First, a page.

NASA will test a new flexible solar panel on the International Space Station, that rolls up to form a compact cylinder and may offer substantial cost savings as well as an increase in power for satellites in the future.
Traditional solar panels used to power satellites can be bulky with heavy panels folded together using mechanical hinges.
Smaller and lighter than traditional solar panels, the Roll-Out Solar Array, or ROSA, consists of a centre wing made of a flexible material containing photovoltaic cells to convert light into electricity.
On either side of the wing is a narrow arm that extends the length of the wing to provide support, called a high strain composite boom.
The booms are like split tubes made of a stiff composite material, flattened and rolled up lengthwise for launch.
The array rolls or snaps open without a motor, using stored energy from the structure of the booms that is released as each boom transitions from a coil shape to a straight support arm.
ROSA can be easily adapted to different sizes, including very large arrays, to provide power for a variety of future spacecraft.
It also has the potential to make solar arrays more compact and lighter weight for satellite radio and television, weather forecasting, GPS and other services used on Earth.
In addition, the technology conceivably could be adapted to provide solar power in remote locations.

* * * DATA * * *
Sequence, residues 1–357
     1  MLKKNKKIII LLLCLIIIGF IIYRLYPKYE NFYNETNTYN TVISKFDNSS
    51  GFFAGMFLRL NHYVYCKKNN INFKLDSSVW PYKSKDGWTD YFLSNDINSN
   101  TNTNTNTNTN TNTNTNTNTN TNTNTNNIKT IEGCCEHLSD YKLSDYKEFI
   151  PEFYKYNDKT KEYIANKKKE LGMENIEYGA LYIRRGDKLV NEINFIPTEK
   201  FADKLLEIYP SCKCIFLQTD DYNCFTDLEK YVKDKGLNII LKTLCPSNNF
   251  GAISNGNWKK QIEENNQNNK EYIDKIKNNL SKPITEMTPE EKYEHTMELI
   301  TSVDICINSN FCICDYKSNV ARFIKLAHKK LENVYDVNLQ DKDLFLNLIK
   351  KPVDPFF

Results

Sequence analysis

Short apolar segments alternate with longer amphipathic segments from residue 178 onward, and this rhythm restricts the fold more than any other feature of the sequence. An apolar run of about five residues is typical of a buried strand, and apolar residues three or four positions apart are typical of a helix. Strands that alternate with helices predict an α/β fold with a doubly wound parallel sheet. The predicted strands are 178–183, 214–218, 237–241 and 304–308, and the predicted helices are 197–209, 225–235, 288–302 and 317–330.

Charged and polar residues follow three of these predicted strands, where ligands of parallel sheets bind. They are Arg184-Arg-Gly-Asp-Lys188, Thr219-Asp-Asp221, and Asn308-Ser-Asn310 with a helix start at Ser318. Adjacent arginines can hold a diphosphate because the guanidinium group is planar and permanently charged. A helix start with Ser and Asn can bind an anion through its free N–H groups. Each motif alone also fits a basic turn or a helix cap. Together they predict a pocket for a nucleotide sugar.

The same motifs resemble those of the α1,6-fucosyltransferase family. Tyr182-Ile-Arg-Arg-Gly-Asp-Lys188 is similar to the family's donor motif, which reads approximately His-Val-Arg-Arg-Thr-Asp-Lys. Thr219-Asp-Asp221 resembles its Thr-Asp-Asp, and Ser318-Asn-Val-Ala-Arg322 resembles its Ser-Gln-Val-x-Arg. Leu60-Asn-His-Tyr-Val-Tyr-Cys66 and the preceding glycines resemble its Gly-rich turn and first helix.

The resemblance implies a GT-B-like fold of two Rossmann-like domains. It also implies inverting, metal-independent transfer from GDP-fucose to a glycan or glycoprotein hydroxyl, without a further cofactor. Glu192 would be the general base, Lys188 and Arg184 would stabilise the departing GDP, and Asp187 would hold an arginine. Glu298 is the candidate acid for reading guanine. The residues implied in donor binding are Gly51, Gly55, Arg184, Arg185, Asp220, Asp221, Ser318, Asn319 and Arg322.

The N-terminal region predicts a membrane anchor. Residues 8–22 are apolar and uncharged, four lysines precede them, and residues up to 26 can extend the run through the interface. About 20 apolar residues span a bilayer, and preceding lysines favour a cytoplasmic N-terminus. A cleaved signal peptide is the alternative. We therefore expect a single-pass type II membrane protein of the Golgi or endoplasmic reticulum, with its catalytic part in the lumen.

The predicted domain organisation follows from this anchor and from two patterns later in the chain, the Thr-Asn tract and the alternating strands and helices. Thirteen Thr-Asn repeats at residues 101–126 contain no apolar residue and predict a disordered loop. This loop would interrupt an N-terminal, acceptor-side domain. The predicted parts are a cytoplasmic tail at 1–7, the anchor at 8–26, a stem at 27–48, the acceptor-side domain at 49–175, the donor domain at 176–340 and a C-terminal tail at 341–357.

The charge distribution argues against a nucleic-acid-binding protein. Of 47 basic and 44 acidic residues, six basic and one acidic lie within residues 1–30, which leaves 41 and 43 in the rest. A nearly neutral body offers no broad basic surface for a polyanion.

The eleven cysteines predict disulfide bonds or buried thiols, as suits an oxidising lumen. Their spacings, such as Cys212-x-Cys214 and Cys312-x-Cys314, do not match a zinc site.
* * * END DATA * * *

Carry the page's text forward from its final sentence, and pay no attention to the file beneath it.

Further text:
The technology of the booms has additional potential applications, such as for communications and radar antennas and other instruments.
The ROSA investigation looks at how well this new type of solar panels deploys in the microgravity and extreme temperatures of space.
The investigation also measures the array’s strength and durability and how the structure responds to spacecraft manoeuvres.
“When the array is attached to a satellite, that spacecraft will need to manoeuvre, which creates torque and causes the wing, or blanket, to vibrate,” said Jeremy Banik, from the Kirtland Air Force Base in New Mexico.
“We need to know precisely when and how it vibrates so as not to lose control of the spacecraft. The only way to test that is in space,” said Banik.
“This structure is very thin, only a few millimetres thick, and heats up very quickly, dozens of degrees in a few seconds,” he said.
“That creates loads in the wing that could cause it to shudder. That would create problems, for example, if a satellite was trying to take a picture at the same time,” he added.